I agree with your statement about having a new outlook on the concept of scarcity. The thought of not having enough sand someday is weird to think about. I think the scarcity of sand will always be only in some areas.

  29. FJB says:

    This puts thing in a whole new perspective for me. I would have never thought about an item such as sand to be a scarce resource. This also made me realize that specializing in production is not only an international issue but it could also go as deep as state to state. If one state has abundant amounts of sand and the other large amounts of fresh water, the trade in these commodities will benefit both parties with the least amount of effort.

    • Cw says:

      I agree with you FJB. Being from south Louisiana it seems you somehow have been to a sandy area. To think that something so close could be scarce really brings things into perspective. You would now have to look at it as, “Hey, I need 10 pounds of sand.” “OK. That’ll be $15.00″ outraged customer… “$15.00, I’ll go get my own”. Now the individual acts in self-interest but not a rational choice. Now, $60.00 in gas later plus time and effort he won’t get back, he has his sand!

    • BS says:

      I agree with you are saying. If a state or country has a lot of something, why not trade for it? I never really knew of sand being something that people would trade for.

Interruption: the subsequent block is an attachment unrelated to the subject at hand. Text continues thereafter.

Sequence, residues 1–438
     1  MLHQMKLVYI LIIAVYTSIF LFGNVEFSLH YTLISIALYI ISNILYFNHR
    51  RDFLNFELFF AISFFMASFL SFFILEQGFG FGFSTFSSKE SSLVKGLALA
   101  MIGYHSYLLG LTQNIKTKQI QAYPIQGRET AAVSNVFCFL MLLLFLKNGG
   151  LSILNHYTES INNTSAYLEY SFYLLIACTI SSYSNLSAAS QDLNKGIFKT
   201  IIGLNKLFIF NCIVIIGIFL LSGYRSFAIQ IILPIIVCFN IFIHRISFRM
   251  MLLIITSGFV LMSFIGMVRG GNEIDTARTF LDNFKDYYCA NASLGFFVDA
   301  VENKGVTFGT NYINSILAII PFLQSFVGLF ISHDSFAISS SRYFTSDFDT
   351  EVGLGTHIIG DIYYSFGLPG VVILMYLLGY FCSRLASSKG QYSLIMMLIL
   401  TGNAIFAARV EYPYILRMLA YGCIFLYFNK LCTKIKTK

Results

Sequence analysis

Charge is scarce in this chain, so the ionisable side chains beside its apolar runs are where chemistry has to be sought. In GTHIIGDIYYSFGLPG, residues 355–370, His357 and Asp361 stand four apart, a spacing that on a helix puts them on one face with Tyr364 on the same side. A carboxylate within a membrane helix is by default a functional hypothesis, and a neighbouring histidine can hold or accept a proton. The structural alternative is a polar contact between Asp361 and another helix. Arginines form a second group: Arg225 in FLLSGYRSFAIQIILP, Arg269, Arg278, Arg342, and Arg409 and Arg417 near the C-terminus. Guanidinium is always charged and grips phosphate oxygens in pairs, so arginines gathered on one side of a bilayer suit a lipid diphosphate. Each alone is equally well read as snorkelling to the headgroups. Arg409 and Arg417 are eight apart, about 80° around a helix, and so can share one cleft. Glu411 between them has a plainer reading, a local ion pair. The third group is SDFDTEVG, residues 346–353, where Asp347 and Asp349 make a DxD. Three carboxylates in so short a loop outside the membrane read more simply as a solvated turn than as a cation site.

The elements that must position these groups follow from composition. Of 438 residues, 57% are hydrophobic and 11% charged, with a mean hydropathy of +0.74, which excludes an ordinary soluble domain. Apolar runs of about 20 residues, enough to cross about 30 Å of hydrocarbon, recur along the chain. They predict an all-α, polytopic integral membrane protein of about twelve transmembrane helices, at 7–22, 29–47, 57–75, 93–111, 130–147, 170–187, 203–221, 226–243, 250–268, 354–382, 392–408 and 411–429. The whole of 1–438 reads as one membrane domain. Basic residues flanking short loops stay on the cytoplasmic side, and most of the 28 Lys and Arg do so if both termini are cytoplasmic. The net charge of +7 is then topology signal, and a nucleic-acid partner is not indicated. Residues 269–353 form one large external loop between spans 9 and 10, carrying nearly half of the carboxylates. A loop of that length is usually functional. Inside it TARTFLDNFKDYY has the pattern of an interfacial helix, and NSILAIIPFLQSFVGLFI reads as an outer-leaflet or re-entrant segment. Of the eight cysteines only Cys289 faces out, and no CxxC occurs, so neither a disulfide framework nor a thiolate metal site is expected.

30. LB says:

    Like Florida, I can recall sand getting imported to Grand Isle after Hurricane Katrina. It’s funny to think of sand as being scarce, since it seems to encompass such large areas all over the world. You would never think that we’re lacking the substance, but I guess everything has to run out at some point, and it seems that only certain areas are lacking sand. Thankfully, there is manmade sand, so unless we run out of glass, then we should never actually run out of sand.

    • mcoats says:

      You would think we would not run out and we probably won’t run out of sand, but it will remain, in some areas, scarce.

    • lm says:

      I agree with your comment that everything runs out at some point. An interesting thought, if glass is made from sand, and we run out of sand, will we run out of glass as well? In that case, can we really continue to make sand?

      • mcoats says:

        LM,